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World J Surg Oncol. 2011 Jan 13;9:3. doi: 10.1186/1477-7819-9-3.

An operative case of hepatic pseudolymphoma difficult to differentiate from primary hepatic marginal zone B-cell lymphoma of mucosa-associated lymphoid tissue.

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  • 1Department of General and Gastroenterological Surgery, Osaka Medical College Hospital, 2-7 Daigaku-machi, Takatsuki, Osaka 569-8686, Japan. sur083@poh.osaka-med.ac.jp

Abstract

Hepatic pseudolymphoma (HPL) and primary hepatic marginal zone B cell lymphoma of mucosa-associated lymphoid tissue (MALT lymphoma) are rare diseases and the differential diagnosis between these two entities is sometimes difficult. We herein report a 56-year-old Japanese woman who was pointed out to have a space occupying lesion in the left lateral segment of the liver. Hepatitis viral-associated antigen/antibody was negative and liver function tests including lactic dehydrogenase, peripheral blood count, tumor markers and soluble interleukin-2 receptor were all within normal limit. Imaging study using computed tomography and magnetic resonance imaging were not typical for hepatocellular carcinoma, cholangiocarcinoma, or other metastatic cancer. Fluorodeoxyglucose-positron emission tomography examination integrated with computed tomography scanning showed high standardized uptake value in the solitary lesion in the liver. Under a diagnosis of primary liver neoplasm, laparoscopic-assisted lateral segmentectomy was performed. Liver tumor of maximal 1.0 cm in diameter was consisted of aggregation of lymphocytes of predominantly B-cell, containing multiple lymphocyte follicles positive for CD10 and bcl-2, consistent with a diagnosis of HPL rather than MALT lymphoma, although a definitive differentiation was pending. The background liver showed non-alcoholic fatty liver disease/early non-alcoholic steatohepatitis. The patient is currently doing well with no sign of relapse 13 months after the surgery. Since the accurate diagnosis is difficult, laparoscopic approach would provide a reasonable procedure of diagnostic and therapeutic advantage with minimal invasiveness for patients. Considering that the real nature of this entity remains unclear, vigilant follow-up of patient is essential.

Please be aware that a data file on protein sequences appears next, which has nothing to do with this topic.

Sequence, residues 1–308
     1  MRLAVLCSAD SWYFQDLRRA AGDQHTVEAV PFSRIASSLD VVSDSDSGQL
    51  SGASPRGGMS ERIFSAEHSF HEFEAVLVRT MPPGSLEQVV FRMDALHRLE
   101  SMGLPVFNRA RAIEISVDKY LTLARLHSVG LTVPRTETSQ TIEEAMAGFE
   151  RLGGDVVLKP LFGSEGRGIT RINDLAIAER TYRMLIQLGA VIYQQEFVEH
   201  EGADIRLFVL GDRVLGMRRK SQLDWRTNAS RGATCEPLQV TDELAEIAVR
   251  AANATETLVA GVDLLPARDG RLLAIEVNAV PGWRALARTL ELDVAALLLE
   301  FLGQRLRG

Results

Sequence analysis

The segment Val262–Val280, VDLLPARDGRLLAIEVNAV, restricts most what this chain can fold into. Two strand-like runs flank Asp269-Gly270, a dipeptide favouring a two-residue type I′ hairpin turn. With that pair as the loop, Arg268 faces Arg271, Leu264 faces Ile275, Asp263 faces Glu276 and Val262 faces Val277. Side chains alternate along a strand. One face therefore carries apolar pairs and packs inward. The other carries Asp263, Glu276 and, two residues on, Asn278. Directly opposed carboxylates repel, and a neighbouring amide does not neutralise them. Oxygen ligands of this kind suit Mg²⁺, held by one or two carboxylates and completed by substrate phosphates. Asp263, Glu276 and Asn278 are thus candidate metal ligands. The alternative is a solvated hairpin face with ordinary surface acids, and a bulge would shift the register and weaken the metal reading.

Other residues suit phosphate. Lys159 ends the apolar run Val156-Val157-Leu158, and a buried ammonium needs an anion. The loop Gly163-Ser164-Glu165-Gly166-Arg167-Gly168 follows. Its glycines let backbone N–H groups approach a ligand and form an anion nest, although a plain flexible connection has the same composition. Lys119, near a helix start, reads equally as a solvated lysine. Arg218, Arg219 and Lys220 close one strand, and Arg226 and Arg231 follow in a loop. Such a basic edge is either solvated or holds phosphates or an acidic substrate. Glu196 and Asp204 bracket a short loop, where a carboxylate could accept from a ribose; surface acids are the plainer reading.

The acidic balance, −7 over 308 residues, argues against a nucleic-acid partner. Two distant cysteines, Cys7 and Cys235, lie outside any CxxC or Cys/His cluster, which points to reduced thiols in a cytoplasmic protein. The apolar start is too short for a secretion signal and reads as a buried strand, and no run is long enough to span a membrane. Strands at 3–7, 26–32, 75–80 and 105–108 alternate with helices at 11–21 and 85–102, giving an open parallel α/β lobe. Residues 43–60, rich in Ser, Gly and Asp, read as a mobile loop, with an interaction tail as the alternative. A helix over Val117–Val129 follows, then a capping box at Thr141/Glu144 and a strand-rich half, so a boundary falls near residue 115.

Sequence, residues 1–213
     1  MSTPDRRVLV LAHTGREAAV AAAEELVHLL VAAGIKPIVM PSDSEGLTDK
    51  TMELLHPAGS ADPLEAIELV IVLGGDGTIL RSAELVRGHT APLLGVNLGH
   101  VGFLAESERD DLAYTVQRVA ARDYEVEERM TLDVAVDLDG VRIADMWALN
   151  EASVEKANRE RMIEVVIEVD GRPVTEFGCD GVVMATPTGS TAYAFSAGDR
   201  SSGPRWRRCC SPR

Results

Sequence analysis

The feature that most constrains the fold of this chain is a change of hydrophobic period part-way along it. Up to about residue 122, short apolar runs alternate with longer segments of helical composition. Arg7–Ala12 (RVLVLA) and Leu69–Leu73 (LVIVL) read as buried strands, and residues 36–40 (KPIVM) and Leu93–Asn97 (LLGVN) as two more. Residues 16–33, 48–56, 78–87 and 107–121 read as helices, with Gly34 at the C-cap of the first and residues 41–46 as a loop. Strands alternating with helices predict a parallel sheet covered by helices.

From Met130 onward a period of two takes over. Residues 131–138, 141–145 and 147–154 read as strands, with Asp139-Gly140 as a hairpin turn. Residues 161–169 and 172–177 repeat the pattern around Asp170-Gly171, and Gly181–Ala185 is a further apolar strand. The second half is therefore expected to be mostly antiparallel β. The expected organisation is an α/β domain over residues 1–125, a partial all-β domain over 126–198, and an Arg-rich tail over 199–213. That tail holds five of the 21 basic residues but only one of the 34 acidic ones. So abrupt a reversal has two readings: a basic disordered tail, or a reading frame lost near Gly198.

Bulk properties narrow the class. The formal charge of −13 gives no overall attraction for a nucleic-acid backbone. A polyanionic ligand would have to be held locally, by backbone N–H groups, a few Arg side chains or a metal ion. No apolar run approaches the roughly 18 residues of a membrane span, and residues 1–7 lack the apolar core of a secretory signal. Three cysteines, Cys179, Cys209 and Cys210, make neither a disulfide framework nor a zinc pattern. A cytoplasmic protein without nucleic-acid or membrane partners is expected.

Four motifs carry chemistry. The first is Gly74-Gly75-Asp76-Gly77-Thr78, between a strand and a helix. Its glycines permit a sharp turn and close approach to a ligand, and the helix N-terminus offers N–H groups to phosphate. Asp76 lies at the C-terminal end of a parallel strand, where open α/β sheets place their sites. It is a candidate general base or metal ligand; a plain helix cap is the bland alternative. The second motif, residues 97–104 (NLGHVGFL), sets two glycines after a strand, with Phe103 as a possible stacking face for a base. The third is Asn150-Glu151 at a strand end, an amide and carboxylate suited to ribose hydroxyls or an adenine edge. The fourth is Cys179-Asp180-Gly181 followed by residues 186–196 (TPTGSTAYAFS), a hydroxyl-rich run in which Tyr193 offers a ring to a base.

PMID:
21232116
[PubMed - indexed for MEDLINE]
PMCID:
PMC3033353
Free PMC Article
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